A reverse mortgage is a loan for seniors age 62 and older. HECM reverse mortgage loans are insured by the Federal Housing Administration (FHA)1 and allow homeowners to convert their home equity into cash with no monthly mortgage payments.2
After obtaining a reverse mortgage, borrowers must continue to pay property taxes and insurance and maintain the home according to FHA guidelines. Typically the loan does not become due as long as you live in the home as your primary residence and continue to meet all the loan obligations.
Reverse mortgage loans are commonly used to pay for home renovations, medical and daily living expenses. Homeowners who have an existing mortgage often use the reverse mortgage loan to pay off their existing mortgage and eliminate monthly mortgage payments.
A reverse mortgage loan uses a home’s equity as collateral. The amount of money the borrower can receive is determined by the age of the youngest borrower, interest rates and the lesser of the home’s appraised value, sale price and the maximum lending limit. The funds available to you may be restricted for the first 12 months after loan closing, due to HECM requirements. In addition, you may need to set aside additional funds from loan proceeds to pay for taxes and insurance.
The loan does not generally have to be repaid until 6 months after the last surviving homeowner moves out of the property or passes away. At that time, the estate typically sells the home to repay the balance of the reverse mortgage and the heirs receive any remaining equity. The estate is not personally liable for any additional mortgage debt if the home sells for less than the payoff amount of the reverse mortgage loan.
Reverse Mortgage Eligibility
To be eligible for a reverse mortgage loan, the FHA requires the youngest borrower on title to be 62 years or older. Borrowers must also meet financial eligibility criteria as established by HUD. If there is an existing mortgage on the home, it must be paid off with the proceeds from the reverse mortgage loan.
Eligible Homes Types for Reverse Mortgages
Most single-family homes, two-to-four unit owner-occupied dwellings or townhouses and approved condominiums and manufactured homes are eligible for a reverse mortgage loan. The home must meet FHA minimum property standards.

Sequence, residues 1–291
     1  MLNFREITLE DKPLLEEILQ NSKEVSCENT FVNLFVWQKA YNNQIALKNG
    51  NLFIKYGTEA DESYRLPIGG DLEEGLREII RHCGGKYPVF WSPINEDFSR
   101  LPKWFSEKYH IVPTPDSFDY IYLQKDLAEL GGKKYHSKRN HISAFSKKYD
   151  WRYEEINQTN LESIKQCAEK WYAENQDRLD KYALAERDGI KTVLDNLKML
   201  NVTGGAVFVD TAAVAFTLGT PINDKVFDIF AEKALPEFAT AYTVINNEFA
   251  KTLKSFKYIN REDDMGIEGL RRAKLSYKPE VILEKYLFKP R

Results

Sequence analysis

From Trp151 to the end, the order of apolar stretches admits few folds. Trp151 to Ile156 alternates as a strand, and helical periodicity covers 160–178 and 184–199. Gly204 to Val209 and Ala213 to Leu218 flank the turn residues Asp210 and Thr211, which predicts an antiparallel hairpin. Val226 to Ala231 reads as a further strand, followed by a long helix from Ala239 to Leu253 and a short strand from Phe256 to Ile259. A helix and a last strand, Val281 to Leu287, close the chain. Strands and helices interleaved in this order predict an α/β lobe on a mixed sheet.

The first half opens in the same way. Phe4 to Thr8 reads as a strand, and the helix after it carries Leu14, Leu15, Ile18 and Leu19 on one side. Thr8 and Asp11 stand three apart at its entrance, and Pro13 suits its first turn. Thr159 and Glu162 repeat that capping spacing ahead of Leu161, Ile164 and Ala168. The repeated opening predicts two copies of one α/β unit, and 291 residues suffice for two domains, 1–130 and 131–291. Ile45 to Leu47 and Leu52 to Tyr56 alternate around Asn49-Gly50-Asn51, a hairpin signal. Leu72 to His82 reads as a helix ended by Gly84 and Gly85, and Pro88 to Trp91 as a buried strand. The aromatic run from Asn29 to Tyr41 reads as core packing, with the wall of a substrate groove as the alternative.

When the reverse mortgage loan does become due, the borrower’s heirs/estate can choose to repay the reverse mortgage loan and keep the home or put the home up for sale in order to repay the loan. If the home sells for more than the balance of the reverse mortgage loan, the remaining home equity passes to the heirs.
If the home sells for less than the owed balance, the estate is not required to pay more than the value of the home at the time the loan is repaid.
A reverse mortgage loan is “non-recourse”, meaning that if you sell the home to repay the loan, you or your heirs will never owe more than the loan balance or the value of the property, whichever is less; and no assets other than the home must be used to repay the debt.
Distribution of Funds
Reverse mortgage loan proceed can be received in any combination of the following options:
• Line of credit – draw as needed up to the maximum eligible amount
• Lump sum – a lump sum of cash at closing (only available on fixed-rate loans)
• Tenure – monthly payments for the life of the loan
• Term – monthly payments for a specific number of years
Borrowers may access the greater of 60 percent of the principal limit amount or all mandatory obligations, as defined by the HECM requirements, plus an additional 10% during the first 12 months after loan closing. The combined total of mandatory obligations plus 10% cannot exceed the principal limit amount established at loan closing. The borrower may also need to set aside additional funds from the loan proceeds to pay for taxes and insurance.
If you have questions, please contact us.
1As required by the Federal Housing Administation (FHA), you will be charged an initial mortgage insurance premium (MIP) at closing and, over the life of the loan, you will be charged an annual MIP based on the loan balance.
2You must live in the home as your primary residence, continue to pay required property taxes, homeowners insurance, and maintain the home according to FHA requirements. Failure to meet these requirements can trigger a loan default that may result in foreclosure.